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The passage below comes from Emily's runaway imagination by Beverly Cleary.

The ride back to town was peaceful enough, although Emily was a little nervous lest they meet a cow in the middle of the road that might force them to stop. It would be awful if they had to stop now after all she had been through. When they came to Main Street, she said, “I can walk home from the store, Grandpa, as easy as not.”

Could you explain to me the meaning 'as easy as not'?

And if you don't mind, give me another example sentence.

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It means there are two options of equal value.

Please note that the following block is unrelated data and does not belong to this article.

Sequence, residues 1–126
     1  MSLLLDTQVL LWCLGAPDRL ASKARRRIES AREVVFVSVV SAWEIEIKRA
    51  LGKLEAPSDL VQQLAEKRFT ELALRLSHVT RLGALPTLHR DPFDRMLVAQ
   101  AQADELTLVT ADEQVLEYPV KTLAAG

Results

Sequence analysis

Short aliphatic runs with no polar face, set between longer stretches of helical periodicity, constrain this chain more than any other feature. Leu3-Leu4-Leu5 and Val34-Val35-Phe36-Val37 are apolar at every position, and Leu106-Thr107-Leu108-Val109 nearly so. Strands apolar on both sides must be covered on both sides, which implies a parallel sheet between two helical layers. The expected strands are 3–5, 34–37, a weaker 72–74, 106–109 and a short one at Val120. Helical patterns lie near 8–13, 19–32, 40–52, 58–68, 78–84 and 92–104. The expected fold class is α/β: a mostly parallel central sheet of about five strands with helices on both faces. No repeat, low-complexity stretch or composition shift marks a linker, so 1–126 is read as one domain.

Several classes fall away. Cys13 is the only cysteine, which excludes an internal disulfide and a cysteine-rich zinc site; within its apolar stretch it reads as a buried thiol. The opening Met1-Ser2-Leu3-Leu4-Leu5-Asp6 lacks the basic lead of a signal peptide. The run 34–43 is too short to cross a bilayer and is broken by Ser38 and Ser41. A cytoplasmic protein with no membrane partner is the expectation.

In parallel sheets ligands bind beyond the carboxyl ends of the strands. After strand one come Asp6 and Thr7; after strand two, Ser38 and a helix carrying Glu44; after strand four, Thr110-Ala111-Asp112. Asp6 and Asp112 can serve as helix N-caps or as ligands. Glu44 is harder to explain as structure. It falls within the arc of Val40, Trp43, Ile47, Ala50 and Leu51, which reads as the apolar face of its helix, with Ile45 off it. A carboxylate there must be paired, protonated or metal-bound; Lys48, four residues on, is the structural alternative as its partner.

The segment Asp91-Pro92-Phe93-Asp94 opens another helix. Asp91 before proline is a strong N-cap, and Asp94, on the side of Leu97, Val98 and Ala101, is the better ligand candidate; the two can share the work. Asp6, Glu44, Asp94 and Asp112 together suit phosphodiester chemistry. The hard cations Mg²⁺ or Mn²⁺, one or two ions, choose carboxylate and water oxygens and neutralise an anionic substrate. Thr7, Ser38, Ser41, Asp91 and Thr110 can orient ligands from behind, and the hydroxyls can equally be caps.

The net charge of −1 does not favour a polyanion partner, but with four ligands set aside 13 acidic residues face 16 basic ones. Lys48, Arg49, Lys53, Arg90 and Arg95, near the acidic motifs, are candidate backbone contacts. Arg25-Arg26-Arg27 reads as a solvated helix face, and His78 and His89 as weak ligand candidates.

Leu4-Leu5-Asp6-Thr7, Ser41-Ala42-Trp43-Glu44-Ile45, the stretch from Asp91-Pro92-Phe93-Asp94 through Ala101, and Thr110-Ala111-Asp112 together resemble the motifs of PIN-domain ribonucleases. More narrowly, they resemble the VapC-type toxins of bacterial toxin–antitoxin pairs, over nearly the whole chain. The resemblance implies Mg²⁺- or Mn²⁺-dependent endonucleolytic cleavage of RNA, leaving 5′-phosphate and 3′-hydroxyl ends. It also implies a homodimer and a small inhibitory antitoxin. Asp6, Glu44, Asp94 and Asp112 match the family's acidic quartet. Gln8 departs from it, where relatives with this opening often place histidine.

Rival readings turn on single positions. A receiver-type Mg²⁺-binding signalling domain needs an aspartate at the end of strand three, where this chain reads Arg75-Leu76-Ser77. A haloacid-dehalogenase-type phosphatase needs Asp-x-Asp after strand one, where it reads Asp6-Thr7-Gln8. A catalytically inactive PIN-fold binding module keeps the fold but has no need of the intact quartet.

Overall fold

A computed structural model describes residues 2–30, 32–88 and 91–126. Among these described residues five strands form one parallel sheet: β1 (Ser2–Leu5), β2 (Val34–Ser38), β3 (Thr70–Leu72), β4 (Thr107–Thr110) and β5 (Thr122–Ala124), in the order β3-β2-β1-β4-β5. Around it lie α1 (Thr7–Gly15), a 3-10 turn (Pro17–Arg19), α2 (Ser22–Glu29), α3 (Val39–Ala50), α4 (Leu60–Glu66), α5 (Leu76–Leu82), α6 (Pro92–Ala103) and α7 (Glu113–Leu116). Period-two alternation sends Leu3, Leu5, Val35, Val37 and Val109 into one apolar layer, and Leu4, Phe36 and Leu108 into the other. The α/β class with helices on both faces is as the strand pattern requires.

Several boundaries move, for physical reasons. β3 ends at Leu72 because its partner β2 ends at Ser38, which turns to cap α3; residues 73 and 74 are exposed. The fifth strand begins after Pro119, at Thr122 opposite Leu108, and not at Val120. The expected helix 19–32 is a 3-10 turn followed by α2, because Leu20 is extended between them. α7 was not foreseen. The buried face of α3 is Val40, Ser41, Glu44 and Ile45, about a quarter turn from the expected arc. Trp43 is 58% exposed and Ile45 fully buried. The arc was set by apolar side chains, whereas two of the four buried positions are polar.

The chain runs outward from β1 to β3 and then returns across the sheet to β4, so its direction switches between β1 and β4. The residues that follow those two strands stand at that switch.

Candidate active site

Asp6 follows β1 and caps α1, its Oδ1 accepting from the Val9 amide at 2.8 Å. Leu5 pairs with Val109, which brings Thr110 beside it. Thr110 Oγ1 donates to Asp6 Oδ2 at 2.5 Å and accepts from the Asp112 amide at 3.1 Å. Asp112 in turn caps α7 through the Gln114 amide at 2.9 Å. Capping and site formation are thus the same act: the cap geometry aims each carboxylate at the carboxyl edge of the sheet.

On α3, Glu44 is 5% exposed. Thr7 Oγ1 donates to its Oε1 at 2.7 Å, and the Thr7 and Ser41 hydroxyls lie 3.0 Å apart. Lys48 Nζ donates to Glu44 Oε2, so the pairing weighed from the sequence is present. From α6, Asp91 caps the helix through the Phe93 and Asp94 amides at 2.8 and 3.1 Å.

In your quote, Emily pretends she could continue to ride with everybody, or walk, it is all the same to her.

I could pick up your mail for you while you're gone, as easy as not.

This means that while you're away on business, I could pick up your mail for you - or not; it's all the same to me.

  • Thanks. It was helpful for me. What about "As easy as that."? – Pana Mar 1 '18 at 8:12

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